With most of the film talent and the bulk of weekend attendees out of town now, it’s time to start catching up on buzz movies and taking in the new lineup this week. I caught the much talked about Holy Motors and American Mary, and chose Cold Blooded and Taped for myself. This was a great day of films.
For those of you who always found “nip/tuck” a little too tame, American Mary has all the graphic body modification surgery you couldn’t see on FX. Mary (Katherine Isabelle) is a struggling medical student who earns some quick cash doing a backroom surgery. That leads to referrals. There are more horrific surgeries, and then other horrors befall poor Mary. American Mary isn’t actually as graphic as it is expert in suggestion of horror. The Twisted Twins – Jen and Sylvia Soskia – have a sensual eye. They’re not vulgar. They compose some nice widescreen frames and they have an artful eye for the surgeries too. Certainly seeing a pretty girl in high heels and lingerie doing backroom surgeries is hot. What’s even more striking are the brief moments of pride Mary gets to take in her sick work. It’s also relevant in these economic times as students deal with insurmountable loans. But don’t hire them for surgeries, people. Let them finish school first. Isabelle is great and some of the freaky clients she has are captivating. Some of her tormenters aren’t quite believable but it’s all a good effort and definitely makes me want to see the Twins’ first film, Dead Hooker in the Trunk.
I’m being kind to an upstart filmmaker here, because Cold Blooded is very rough with minimal resources, but writer/director Jason Lapeyre goes to some impressive hardcore places and really satisfying escalation. A cop (Zoie Palmer) has to guard a diamond thief (Ryan Robbins) in the hospital when his cohorts come looking for his stash and information. Lapeyre only has as many actors as he absolutely needs, only the major players in the story, no extras whatsoever. There’s only one security guard at the hospital, and no other patients. There’s no production design to speak of, but maybe that’s more realistic to what a sterile, barren-walled hospital really looks like. Lapeyre’s filmmaking is meat and potatoes. He shows the story and action, cuts shots together to show things progressing. It’s not wrong. It’s clear, but it’s all by the book. The villain talks too much, the supporting characters are stereotypes like the A-hole doctor and the dialogue blatantly reveals exposition we need to know for later, but damned if Robbins and Palmer aren’t likable. I don’t want to ruin the good parts but in spite of all of the above, you’ll be cheering Palmer’s perseverance and cringing at some of the villains’ depravity. Cold Blooded is far more satisfying than some "Seven" or "Eight"-rated movies because it does so much with so little.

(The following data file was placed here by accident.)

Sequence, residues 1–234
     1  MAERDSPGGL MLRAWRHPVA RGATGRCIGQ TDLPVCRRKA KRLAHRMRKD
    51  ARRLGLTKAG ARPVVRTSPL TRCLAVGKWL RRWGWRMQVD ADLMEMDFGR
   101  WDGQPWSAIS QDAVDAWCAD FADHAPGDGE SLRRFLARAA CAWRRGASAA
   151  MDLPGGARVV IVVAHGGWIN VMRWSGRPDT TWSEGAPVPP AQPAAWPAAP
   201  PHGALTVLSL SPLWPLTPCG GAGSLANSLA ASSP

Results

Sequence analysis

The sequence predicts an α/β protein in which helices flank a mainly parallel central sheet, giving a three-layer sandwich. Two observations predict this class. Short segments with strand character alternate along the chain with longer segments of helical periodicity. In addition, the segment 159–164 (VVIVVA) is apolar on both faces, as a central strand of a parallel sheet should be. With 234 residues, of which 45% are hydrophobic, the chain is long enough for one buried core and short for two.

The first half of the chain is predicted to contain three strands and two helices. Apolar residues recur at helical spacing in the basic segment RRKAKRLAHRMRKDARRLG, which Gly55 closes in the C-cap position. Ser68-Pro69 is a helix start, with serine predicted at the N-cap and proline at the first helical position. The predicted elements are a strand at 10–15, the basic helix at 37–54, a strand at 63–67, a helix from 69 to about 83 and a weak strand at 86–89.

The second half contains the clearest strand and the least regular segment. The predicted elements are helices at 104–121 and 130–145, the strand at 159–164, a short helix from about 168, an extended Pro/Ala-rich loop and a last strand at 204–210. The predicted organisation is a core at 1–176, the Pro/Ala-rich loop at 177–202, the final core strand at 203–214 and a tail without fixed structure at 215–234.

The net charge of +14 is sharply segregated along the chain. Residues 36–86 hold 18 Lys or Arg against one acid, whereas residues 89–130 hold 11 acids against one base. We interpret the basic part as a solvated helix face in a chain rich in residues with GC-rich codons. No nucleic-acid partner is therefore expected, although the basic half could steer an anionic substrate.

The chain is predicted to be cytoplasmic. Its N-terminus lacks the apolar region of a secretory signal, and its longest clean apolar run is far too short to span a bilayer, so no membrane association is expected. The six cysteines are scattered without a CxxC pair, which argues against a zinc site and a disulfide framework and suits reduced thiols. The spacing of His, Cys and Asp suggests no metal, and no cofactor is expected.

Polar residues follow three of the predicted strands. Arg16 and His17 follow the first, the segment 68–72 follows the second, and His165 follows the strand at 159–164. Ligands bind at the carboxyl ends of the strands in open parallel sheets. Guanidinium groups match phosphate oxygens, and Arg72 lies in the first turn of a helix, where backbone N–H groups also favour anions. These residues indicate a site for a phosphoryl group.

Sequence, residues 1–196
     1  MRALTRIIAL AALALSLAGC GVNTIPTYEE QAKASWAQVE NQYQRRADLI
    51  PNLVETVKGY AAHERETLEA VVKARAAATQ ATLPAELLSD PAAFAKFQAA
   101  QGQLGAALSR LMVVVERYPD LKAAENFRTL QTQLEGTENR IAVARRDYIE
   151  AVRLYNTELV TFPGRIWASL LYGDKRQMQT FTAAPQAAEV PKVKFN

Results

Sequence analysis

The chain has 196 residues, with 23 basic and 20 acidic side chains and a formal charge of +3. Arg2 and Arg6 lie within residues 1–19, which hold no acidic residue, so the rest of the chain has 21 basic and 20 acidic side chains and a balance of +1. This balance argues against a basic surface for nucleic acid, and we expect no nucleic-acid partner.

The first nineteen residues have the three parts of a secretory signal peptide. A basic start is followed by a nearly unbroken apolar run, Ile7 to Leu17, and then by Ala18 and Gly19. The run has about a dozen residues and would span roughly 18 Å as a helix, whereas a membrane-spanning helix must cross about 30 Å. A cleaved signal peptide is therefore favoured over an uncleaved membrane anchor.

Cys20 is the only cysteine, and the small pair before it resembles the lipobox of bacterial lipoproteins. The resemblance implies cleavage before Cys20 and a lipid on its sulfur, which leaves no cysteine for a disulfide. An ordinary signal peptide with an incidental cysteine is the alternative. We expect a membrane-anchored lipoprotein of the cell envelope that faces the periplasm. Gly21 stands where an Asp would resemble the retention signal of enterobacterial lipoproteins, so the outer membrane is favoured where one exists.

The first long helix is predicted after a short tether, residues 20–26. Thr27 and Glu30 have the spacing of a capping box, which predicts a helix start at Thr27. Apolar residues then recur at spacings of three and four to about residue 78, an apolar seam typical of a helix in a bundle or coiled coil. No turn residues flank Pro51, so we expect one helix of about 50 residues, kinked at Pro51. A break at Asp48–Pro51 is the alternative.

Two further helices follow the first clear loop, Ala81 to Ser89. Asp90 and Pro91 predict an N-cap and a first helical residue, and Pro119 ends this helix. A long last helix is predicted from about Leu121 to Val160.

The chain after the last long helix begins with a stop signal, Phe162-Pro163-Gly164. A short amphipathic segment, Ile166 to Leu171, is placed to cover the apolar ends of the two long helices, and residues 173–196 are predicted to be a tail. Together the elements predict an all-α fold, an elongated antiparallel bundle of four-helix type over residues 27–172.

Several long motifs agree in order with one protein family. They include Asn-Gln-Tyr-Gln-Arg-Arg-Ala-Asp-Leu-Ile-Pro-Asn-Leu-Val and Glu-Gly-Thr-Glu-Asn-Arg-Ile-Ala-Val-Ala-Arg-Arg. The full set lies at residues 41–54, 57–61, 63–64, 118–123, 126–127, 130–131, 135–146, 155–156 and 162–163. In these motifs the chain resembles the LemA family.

Holy Motors is awesomely, beautifully, and most importantly, sincerely weird. The festival programmers say telling the audience anything about the movie would be a spoiler, but I disagree. We can tell you what’s in the movie and you still won’t imagine the context or just what the visual manifestation of that is. Plus, it’ll make you want to see it more. My synopsis is that it’s about Mr. Oscar (Denis Lavant), who puts on different makeup and costumes for different meetings he has. Each meeting is a different genre, a different performance, a linear or abstract but always meaningful episode. Then Oscar gets back in the limo and transforms for the next one. Now come on, did that spoil anything? You still get to find out what each segment is. The makeup is beautiful and Lavant’s body language is amazing. Just when you think you’ve figured out the rules of this world, it turns again. Nothing is a gimmick though, every artistic notion is sincere. There’s no “Look how artistic this is” braggadocio. Writer/director Leos Carax means everything that’s in this movie. I smell franchise here. I want Holier Motors, Holiest Motors, then a prequel and eventually a reboot. There’s a whole world of people who have this job, plus I want to see more Mr. Oscar.
This Dutch thriller keeps the suspense palpable and the momentum moving. Sarah and Johan go to Argentina to try to patch up their marriage and accidentally tape a corrupt police shooting. The police pursue them around the streets and they really have nowhere to go for help. The Dutch pull no punches like the inevitable U.S. remake will. No one gets out easy and the traumas they endure affect the characters’ behavior. You really don’t know how they’re going to get out of this, and it’s a foreign film so there’s no guarantee they will. But Taped is not just suspense, it’s emotional too. Sarah and Johan air out all their problems and it’s real, juicy and dramatic. They capture the vulnerability of foreigners in an unsafe land, or maybe it’s just that we don’t recognize the actors so there’s no safety in familiarity.